The role of colour and pattern in background matching camouflage

Student thesis: Doctoral ThesisDoctor of Philosophy (PhD)

Abstract

Camouflage is a phenotypic trait that significantly impacts the likelihood of survival in predators and prey alike. The objective of this thesis is to identify the specific attributes of background-matching camouflage when faced by multiple, differing, backgrounds. Chapter 2 examines the phenomenon of egg camouflage in plovers (Aves: Charadriiformes), utilising colour and texture analysis of calibrated photographs to assess camouflage against beach and saltmarsh habitats. I show that eggs are an excellent colour-match to the subset of backgrounds that are found in both habitats, but the patterning of the maculation makes eggs and backgrounds reliably discriminable at close viewing distances. Chapter 3 focuses on chick camouflage, specifically exploring possible sex differences that might explain higher mortality in female than male chicks. I show that there is no sex difference in plumage colouration but males are found on backgrounds to which they are a better match. Chapter 4 examines camouflage from a different perspective, assessing the discriminability of chicks from different backgrounds using humans as model predators. The results are consistent with the visual modelling of chapter 3, and show that chicks are a better match to mud than vegetated backgrounds, suggesting stronger selection for camouflage against backgrounds where physical hiding is not possible. Chapter 5, moving away from the plovers to ultilise an experimental paradigm of artificial moth-like prey on woodland tree bark, investigates the phenomenon of whether to specialize on a particular background or adopt a camouflage pattern that is a compromise between multiple substrates. I show that matching the average colour of a background is more important than matching the visual texture, but also that a background which has a complex texture is more ‘forgiving’ of mismatches than a texturally simple background.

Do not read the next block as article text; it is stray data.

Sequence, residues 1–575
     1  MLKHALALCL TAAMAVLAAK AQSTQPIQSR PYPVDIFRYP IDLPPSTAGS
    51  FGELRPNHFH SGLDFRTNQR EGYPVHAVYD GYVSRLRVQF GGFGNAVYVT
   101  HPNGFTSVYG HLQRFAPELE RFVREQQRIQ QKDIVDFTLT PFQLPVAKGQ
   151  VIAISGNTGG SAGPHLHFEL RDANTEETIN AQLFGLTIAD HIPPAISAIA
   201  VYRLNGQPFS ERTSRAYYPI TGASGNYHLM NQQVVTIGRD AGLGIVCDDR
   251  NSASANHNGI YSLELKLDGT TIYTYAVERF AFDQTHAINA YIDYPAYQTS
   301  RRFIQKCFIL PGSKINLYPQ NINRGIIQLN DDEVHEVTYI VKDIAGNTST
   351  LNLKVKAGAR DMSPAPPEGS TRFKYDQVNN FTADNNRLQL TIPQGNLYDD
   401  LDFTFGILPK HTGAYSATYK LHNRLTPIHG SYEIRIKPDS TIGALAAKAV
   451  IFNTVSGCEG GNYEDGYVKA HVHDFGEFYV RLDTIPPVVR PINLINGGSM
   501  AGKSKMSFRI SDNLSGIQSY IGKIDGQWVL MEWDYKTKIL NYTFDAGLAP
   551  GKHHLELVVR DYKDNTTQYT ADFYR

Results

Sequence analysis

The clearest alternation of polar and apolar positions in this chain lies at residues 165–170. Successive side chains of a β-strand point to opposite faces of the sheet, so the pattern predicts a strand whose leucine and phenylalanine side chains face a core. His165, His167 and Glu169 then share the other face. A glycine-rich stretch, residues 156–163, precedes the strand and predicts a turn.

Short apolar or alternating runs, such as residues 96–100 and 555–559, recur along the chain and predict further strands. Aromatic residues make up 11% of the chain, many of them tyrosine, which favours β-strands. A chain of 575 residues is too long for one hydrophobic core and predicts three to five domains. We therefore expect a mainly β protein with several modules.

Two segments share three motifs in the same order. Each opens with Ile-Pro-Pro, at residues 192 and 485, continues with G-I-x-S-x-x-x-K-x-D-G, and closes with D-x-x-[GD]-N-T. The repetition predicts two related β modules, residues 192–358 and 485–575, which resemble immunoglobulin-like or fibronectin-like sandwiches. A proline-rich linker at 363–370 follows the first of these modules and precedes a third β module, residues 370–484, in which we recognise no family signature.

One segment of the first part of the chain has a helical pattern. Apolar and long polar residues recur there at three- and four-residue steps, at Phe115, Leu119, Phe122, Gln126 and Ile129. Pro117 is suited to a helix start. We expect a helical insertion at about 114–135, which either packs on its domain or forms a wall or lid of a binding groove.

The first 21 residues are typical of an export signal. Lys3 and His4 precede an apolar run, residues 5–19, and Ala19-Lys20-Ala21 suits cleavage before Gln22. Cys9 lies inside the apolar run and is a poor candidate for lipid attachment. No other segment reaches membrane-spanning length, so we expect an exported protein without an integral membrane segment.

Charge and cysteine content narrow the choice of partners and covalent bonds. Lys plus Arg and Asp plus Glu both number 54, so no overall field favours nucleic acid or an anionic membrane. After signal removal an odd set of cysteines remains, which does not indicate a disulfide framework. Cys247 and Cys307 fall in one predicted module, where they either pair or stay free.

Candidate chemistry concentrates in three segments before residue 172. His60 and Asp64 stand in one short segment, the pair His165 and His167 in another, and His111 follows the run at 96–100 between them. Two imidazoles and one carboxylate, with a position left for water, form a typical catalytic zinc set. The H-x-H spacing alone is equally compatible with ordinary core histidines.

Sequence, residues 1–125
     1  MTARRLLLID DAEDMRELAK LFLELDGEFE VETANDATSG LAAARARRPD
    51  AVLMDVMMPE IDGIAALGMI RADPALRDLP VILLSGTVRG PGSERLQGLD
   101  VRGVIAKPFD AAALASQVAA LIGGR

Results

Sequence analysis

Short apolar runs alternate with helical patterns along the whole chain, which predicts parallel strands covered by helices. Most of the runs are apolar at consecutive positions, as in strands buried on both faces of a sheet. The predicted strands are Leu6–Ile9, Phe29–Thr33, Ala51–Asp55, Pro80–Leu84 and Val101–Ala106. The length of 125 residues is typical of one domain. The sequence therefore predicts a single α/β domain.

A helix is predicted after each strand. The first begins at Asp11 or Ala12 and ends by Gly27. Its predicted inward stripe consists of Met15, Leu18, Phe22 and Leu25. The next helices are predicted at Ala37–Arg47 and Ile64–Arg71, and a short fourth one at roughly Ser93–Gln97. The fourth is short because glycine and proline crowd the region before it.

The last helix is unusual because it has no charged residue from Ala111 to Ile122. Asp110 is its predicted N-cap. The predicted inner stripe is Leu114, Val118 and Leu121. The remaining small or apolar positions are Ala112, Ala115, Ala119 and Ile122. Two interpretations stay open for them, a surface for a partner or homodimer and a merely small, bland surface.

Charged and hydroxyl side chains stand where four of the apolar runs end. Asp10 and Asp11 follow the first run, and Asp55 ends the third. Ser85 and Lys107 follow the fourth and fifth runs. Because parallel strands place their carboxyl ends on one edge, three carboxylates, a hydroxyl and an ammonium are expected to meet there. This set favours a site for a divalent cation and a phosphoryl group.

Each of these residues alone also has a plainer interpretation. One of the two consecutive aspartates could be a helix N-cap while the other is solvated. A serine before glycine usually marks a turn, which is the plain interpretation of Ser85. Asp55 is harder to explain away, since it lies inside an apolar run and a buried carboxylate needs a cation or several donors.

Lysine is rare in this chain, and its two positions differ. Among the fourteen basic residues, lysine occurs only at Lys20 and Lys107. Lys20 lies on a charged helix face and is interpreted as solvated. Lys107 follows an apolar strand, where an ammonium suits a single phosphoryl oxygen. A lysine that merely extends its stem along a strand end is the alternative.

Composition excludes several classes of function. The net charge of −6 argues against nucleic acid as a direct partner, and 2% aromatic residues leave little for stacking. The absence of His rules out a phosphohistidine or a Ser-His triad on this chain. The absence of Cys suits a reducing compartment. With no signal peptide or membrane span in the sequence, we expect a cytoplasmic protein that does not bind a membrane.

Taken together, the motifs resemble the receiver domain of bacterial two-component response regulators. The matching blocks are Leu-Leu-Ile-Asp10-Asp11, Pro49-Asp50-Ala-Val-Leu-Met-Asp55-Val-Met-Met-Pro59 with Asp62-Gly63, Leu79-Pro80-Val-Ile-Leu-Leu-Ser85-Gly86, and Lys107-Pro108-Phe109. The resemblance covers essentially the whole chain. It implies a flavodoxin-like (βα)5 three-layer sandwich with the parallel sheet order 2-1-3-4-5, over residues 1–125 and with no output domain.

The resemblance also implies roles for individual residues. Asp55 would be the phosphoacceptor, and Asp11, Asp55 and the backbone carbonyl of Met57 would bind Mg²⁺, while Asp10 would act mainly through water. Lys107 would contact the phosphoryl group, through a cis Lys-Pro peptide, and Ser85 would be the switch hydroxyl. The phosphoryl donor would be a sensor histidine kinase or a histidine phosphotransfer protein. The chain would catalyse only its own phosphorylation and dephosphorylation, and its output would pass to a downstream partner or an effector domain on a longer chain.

Date of Award7 May 2024
Original languageEnglish
Awarding Institution
  • University of Bristol
SupervisorInnes C Cuthill (Supervisor) & Andrew N Radford (Supervisor)

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